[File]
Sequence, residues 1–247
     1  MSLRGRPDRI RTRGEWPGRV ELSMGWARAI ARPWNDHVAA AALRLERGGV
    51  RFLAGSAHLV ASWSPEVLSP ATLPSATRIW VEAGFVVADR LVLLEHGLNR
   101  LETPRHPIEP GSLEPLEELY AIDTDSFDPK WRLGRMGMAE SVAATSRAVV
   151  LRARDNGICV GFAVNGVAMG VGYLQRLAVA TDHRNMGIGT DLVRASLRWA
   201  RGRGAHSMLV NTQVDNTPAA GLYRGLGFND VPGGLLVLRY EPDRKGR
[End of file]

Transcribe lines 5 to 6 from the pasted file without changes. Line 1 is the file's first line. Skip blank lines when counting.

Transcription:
   151  LRARDNGICV GFAVNGVAMG VGYLQRLAVA TDHRNMGIGT DLVRASLRWA
   201  RGRGAHSMLV NTQVDNTPAA GLYRGLGFND VPGGLLVLRY EPDRKGR